The first series of studies investigated effects of hCFTR overexpression on a WT background. Ussing chamber studies revealed that the basal Isc was elevated ∼2.5-fold in CCSP-hCFTR transgenic compared with WT tracheas. Several considerations suggest that the elevated basal Isc in CCSP-hCFTR transgenic mice reflected CFTR-mediated Cl− secretion. 1) The elevated basal Isc of CCSP-hCFTR transgenic mouse tracheas was dominated by an anion secretory current, as bilateral removal of Cl− (and HCO3−) reduced the basal Isc of the CCSP-hCFTR transgenic mouse tracheas to levels similar to WT tracheas (Fig. 3B). 2) The CFTR inhibitor Inh-172 exerted a significantly greater inhibition of basal Isc in cultures from CCSP-hCFTR transgenic than WT mice (Fig. 3D). 3) DIDS, which inhibits the CaCC in airway epithelia, did not reduce the basal Isc in CCSP-hCFTR transgenic or WT preparations (Fig. 3C). 4) When CCSP-hCFTR transgenic mice were crossed with CF mice, the tracheas of the hCFTR/CF pups exhibited basal Cl− secretion rates similar to the WT pups (Fig. 4).
hCFTR overexpression also had multiple effects on regulation of anion secretion. Adult CCSP-hCFTR transgenic mouse tracheas responded to forskolin, but the magnitude of the responses was reduced compared with that of WT tracheas (Fig. 3A). Although this effect may appear to be paradoxical because cAMP activates CFTR, we speculate that the expression of a constitutively active CFTR Cl− conductance in the apical membrane of CCSP-hCFTR transgenic mouse tracheas reduced the electrochemical driving force for Cl− secretion. Consequently, despite forskolin activation of both CaCC [via forskolin-dependent Ca2+ mobilization (11)] and hCFTR, the smaller electrochemical driving force for Cl− predicts a smaller Cl− secretory response in CCSP-hCFTR transgenic than WT mice. Similar reasoning pertains to the smaller UTP responses in CCSP-hCFTR transgenic than WT mice (Fig. 3A). In contrast, after DIDS pretreatment, the forskolin response was significantly greater in CCSP-hCFTR than WT tracheas (Fig. 3C). DIDS has been reported to block the forskolin-Ca2+-activated CaCC-mediated Cl− secretory responses (11). Thus the greater forskolin-induced Isc in DIDS-pretreated CCSP-hCFTR than WT tracheas likely reflects the selective contribution of the transgenically expressed hCFTR.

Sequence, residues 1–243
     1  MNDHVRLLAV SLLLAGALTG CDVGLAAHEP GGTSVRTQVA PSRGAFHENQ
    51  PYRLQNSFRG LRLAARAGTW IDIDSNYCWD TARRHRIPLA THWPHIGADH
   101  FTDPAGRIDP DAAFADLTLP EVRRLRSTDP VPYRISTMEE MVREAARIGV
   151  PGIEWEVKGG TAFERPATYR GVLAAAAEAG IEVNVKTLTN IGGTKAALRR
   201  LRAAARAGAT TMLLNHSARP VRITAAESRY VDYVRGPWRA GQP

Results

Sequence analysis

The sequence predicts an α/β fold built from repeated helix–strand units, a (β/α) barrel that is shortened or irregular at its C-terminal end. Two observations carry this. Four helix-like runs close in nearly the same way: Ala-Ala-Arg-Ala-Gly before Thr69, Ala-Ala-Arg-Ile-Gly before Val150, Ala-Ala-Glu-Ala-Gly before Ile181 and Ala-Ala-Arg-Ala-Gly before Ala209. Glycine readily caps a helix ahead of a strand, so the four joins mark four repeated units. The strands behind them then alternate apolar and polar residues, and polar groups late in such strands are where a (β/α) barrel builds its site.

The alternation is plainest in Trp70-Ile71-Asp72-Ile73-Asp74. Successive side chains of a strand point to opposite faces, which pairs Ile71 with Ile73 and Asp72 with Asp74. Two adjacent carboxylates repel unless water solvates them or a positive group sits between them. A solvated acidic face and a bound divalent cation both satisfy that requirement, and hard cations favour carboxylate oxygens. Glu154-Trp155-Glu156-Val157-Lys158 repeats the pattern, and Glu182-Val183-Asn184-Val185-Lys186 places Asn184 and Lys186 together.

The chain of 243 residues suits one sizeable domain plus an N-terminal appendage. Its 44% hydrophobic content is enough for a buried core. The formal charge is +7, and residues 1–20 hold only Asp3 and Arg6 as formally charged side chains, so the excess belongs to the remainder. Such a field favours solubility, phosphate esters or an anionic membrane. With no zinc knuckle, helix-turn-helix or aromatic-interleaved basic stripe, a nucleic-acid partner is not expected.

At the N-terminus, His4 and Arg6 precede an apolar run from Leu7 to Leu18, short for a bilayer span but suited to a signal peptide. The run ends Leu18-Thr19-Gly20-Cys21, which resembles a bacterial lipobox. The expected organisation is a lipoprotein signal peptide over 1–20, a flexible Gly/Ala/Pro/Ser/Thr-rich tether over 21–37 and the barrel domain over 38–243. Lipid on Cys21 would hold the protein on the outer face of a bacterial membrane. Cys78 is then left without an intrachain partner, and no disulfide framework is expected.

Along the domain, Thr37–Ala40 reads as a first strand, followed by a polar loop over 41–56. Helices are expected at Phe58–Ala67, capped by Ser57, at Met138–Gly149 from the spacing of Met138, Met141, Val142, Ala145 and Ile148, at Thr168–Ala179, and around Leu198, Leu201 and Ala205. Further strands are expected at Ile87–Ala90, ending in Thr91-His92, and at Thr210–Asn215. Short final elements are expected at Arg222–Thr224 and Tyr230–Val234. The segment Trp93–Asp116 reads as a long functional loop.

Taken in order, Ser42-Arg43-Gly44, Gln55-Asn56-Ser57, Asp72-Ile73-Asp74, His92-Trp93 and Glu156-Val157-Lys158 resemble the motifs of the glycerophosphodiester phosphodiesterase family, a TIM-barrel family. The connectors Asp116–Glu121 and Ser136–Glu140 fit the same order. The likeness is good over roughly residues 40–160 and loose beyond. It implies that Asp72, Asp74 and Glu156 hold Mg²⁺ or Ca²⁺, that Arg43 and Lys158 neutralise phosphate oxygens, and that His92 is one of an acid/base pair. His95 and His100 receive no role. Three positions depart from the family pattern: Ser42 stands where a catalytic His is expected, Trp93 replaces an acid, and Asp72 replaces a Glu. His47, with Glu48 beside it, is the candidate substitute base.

However, we cannot eliminate the possibility that hCFTR transgenically expressed in the murine trachea activated another Cl− channel, e.g., SLC26A9 (3). In human bronchial epithelial cells, SLC26A9 has been found to exhibit a constitutive Cl− conductance that was inhibited by CFTR blockers and required the presence of CFTR to exhibit a function (3). SLC26A9 RNA and expression of the protein have been identified in the murine trachea (34), suggesting that further studies are required to explore this possibility.
In contrast to its function as a cAMP-regulated Cl− channel, transgenically expressed hCFTR did not appear to inhibit endogenous ENaC function in excised tracheas from CCSP-hCFTR transgenic mice (Fig. 3A). Several possibilities may account for the absence of an hCFTR-ENaC regulatory relationship in mice. 1) It may be that most endogenous ENaC is expressed in ciliated cells, whereas the transgenic hCFTR in the CCSP-hCFTR mice is expressed selectively in Clara cells. The expression of endogenous ENaC subunits in WT mice was too low to test this possibility with currently available ENaC antibodies. 2) It is possible that hCFTR cannot regulate the activity of murine ENaC. However, it has been reported that when hCFTR and murine ENaC (α-, β-, and γ-subunits) were coexpressed in oocytes, hCFTR downregulated the amiloride-sensitive Isc (35). 3) It is possible that a third protein is required in tissues that normally exhibit a CFTR-ENaC regulatory relationship, and this putative protein is not expressed in lower airway epithelia of mice.